Ontogenesis Of Trichome-like Cavities In Dictamnus Dasycarpus
Published 2012 · Biology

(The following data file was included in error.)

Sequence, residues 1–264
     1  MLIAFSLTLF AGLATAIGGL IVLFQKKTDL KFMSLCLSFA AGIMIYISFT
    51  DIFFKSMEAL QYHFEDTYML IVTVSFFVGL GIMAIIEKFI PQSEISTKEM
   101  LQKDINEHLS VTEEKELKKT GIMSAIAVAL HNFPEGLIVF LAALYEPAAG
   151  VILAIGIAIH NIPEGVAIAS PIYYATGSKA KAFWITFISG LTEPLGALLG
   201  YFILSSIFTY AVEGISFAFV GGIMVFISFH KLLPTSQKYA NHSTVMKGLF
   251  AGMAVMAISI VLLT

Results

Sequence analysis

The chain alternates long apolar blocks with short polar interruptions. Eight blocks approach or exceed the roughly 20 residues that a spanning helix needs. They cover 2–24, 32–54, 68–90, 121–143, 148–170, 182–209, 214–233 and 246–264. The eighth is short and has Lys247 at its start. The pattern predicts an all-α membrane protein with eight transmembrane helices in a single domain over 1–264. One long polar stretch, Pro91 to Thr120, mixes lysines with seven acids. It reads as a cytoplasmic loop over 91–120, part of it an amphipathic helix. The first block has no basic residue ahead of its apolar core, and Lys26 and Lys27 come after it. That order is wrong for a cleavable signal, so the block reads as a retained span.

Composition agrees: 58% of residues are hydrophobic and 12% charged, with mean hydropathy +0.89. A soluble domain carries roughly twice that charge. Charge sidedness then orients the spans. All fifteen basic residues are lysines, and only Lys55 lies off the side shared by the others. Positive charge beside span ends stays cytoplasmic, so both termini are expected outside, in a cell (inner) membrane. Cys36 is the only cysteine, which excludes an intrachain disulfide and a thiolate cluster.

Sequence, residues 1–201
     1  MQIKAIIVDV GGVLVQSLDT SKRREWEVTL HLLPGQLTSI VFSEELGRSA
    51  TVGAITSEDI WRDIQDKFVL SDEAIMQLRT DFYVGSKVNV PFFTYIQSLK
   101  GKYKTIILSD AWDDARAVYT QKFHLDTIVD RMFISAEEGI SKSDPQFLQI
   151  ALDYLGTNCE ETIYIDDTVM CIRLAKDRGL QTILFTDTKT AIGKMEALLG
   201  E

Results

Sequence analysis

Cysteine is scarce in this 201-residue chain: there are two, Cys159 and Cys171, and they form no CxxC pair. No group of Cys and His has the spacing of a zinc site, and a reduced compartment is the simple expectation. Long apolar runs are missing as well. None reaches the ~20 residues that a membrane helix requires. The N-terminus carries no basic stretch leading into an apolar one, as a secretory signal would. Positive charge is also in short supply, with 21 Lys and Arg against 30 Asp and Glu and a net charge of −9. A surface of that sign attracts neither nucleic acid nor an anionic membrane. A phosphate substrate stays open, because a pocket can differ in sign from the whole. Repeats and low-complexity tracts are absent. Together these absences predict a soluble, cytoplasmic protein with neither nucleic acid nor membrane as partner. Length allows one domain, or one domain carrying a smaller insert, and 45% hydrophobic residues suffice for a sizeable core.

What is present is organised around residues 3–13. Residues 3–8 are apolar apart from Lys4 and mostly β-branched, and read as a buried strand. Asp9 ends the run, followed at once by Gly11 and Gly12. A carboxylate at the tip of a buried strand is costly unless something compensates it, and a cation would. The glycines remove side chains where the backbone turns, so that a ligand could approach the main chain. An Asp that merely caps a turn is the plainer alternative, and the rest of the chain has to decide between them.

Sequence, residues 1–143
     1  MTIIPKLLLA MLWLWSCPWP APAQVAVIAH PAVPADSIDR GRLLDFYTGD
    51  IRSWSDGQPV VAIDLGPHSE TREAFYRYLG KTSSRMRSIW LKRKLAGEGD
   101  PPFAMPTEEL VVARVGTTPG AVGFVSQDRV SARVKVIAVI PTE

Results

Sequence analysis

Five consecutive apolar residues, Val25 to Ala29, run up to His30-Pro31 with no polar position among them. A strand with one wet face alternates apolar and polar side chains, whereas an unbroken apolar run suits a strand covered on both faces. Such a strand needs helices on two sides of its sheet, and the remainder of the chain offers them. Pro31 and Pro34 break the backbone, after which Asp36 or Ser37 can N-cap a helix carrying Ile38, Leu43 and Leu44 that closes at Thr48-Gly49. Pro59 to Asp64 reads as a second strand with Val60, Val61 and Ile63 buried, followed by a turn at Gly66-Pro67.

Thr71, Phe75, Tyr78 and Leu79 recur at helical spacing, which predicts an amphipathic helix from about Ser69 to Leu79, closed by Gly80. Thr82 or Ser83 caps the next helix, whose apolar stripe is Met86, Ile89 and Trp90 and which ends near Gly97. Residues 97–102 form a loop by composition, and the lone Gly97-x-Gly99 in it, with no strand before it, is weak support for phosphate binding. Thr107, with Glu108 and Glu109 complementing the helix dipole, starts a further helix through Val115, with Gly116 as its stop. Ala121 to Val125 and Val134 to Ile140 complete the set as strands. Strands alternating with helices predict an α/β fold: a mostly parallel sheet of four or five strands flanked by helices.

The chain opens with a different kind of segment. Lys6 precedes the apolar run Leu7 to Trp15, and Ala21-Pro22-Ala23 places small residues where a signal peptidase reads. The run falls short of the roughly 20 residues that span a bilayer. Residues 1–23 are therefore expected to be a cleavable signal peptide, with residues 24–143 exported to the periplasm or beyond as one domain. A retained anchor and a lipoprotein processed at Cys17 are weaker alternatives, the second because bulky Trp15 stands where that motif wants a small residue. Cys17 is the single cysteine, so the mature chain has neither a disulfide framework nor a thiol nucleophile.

Abstract The ontogeny of a special type of glandular hairs, namely the trichome-like cavities in Dictamnus dasycarpus , characterized by many morphological similarities to non-glandular hairs, capitate glandular hairs, and secretory cavities, was studied using light and electron microscopy. These trichome-like cavities originate from a single, initial epidermal cell that undergoes a periclinal division, with one cell developing into the internal cells and the other into the outer, epidermal cells. A beak-shaped apex is formed on the head of the trichome-like cavity. The histochemical test shows that the trichome-like cavities are important sites for lipid production. By ultrastructural analysis it becomes evident that formation of these trichome-like cavities starts with a disorganization of the cytoplasm that is accompanied by formation of odd shaped nuclei with condensed chromatin. The process continues bringing about plasmolytic processes, and disintegration of the plasma membrane system follows leading finally to autolysis, when mitochondria and degenerated plastids with disorganized membrane systems are engulfed by vacuoles, multivesicular bodies, and double-membranous autophagosomes within the vacuoles. A strong structural twist and swelling of the internal cell walls ultimately leads to complete breakdown of the structures. Nuclei of the inner internal cells within the trichome-like cavity become TUNEL-positive and DAPI-negative first; later this is detected also in the outer internal cells, indicating a centrifugal nuclear degradation process. On the basis of this work, it can be assumed that the lysigenous formation of the trichome-like cavity is a typical programmed cell death process.